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All the states with measles cases this year allow vaccine exemptions for religious or personal beliefs
Two states allow exemptions for medical reasons only
The rash of measles cases across the country has affected some states more than others. And, not surprisingly, the rules for vaccinating vary wildly from coast to coast.
Take California, for example, where more than 90 people have already been infected with measles this year. As in many states, parents in California don’t have to vaccinate their children before kindergarten if they claim a religious or philosophical exemption.
Then there’s Mississippi, which allows parents to opt out of vaccines only for medical reasons – no other exceptions. That state has a 99.7% vaccination rate – and not a single case of measles this year.
An array of exemptions
Every state requires vaccinations, and every state also allows exemptions for medical reasons, such as if a child has a weakened immune system.
That’s where the consensus ends.
In many states, parents have two other ways they can avoid vaccinating children: religious and philosophical reasons.
The vast majority of the country – 48 states – allows religious exemptions, according to the National Conference of State Legislatures.
Measles outbreak: How bad can it be?
And 20 of those states also allow philosophical exemptions “for those who object to immunizations because of personal, moral or other beliefs.”
The two states with the strictest vaccine requirements? Mississippi and West Virginia, which don’t allow religious or philosophical exemptions.
The afflicted states
California, the epicenter of the current outbreak, allows exemptions for medical reasons and “personal beliefs.” And parents have been using them.
During the last school year, 3.3% of California kindergartners – about 18,200 – were allowed to skip vaccinations, according to the Centers for Disease Control and Prevention. The vast majority of exemptions were due to personal beliefs.
“Schools should maintain an up-to-date list of pupils with exemptions, so they can be excluded quickly if an outbreak occurs,” the California Department of Public Health said.
But the number of measles cases in California over the past month – 92 – is higher than the median number of cases for the entire country for each year between 2001 and 2011, according to CDC figures.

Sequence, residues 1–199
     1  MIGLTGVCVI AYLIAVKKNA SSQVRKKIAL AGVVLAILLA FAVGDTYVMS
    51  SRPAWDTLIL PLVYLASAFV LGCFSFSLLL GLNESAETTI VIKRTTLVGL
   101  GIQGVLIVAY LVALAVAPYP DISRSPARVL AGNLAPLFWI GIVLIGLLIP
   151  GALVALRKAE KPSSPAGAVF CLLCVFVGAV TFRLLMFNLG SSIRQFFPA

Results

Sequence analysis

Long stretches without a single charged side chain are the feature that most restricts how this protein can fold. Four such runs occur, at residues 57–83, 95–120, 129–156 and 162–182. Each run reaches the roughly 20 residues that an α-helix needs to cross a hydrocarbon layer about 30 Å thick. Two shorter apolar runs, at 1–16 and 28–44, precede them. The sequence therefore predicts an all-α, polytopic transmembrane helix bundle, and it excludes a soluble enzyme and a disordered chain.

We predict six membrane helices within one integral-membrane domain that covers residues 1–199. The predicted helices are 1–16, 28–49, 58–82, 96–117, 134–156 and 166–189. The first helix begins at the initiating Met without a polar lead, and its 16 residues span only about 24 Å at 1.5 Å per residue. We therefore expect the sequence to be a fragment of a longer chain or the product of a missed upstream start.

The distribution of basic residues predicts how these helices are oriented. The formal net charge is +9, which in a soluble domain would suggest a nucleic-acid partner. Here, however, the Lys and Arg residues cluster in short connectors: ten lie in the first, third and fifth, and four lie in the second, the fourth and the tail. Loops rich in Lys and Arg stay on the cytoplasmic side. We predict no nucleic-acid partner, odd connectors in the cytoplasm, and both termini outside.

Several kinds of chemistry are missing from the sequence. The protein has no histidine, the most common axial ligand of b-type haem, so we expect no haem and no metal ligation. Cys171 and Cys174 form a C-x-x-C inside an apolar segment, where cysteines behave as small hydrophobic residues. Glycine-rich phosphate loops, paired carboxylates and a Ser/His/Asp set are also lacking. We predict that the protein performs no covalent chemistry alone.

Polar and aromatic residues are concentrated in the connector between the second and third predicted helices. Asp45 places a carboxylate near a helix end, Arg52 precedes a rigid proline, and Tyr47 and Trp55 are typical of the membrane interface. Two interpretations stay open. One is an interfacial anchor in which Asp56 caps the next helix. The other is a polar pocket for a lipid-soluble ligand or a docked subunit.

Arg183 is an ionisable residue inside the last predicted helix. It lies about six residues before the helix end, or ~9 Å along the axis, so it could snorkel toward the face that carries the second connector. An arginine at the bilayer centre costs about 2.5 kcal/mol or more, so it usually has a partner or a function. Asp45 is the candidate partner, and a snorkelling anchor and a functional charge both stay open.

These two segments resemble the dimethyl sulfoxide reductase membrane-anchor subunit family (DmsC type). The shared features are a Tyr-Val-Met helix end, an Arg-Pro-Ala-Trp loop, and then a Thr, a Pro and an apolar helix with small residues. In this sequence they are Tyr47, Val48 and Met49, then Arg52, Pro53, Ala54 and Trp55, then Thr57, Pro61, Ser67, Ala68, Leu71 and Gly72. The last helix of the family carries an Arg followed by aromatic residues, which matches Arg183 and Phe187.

Arizona is the next hardest-hit state, with at least seven measles cases already this year. Nearly 5% of Arizona kindergartners were able to skip vaccinations last school year due to medical reasons or, more commonly, their parents’ personal beliefs.
New York and Utah each has at least three measles cases this year. New York allows religious exemptions, but not philosophical ones; Utah allows both.
Overall, about 94.7% of kindergartners across the country last year were vaccinated against measles, according to the CDC.
Mississippi and West Virginia, the two states that allow only medical exemptions to vaccination, have had no measles cases this year.
An incredibly contagious disease
Before the measles vaccine was introduced in the 1960s, many children came down with the disease by age 15. About 3 million to 4 million people got measles each year in the United States. Among them, about 500 people a year died, and 4,000 developed encephalitis, or brain swelling.
Since then, the disease has largely disappeared in the United States. But international travel has spurred sporadic outbreaks in recent years.
Many of the recent measles victims are part of “a large, ongoing multi-state outbreak” linked to Disneyland in California, the CDC said.
The disease is extremely contagious for several reasons:
• An infected person can spread it four days before developing a rash.
• 90% of people who are not immune and are close to someone with measles will also get infected.
• The virus is airborne.
• It can also live on infected surfaces for up to two hours.
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Most, but not all, doctors agree
The overwhelming sentiment from the medical community is that the measles vaccine is safe and effective. But Arizona cardiologist Dr. Jack Wolfson is a rare voice of dissent.
“It’s a very unfortunate thing that people die, but unfortunately people die,” Wolfson said. “And I’m not going to put my child at risk to save another child.”
Those words struck a nerve with Dr. Tim Jacks, a pediatrician whose own daughter has leukemia and, therefore, a weakened immune system.
“I can definitely, wholeheartedly say that the medical community, the medical literature does not support the statements he makes,” Jacks told CNN’s Anderson Cooper.
“The question I might have for him is, if you were in my situation, and your two children – who you’re doing your best to protect – if they were suddenly exposed to measles, what would your thoughts be at that point?”
CNN’s Elizabeth Cohen contributed to this report.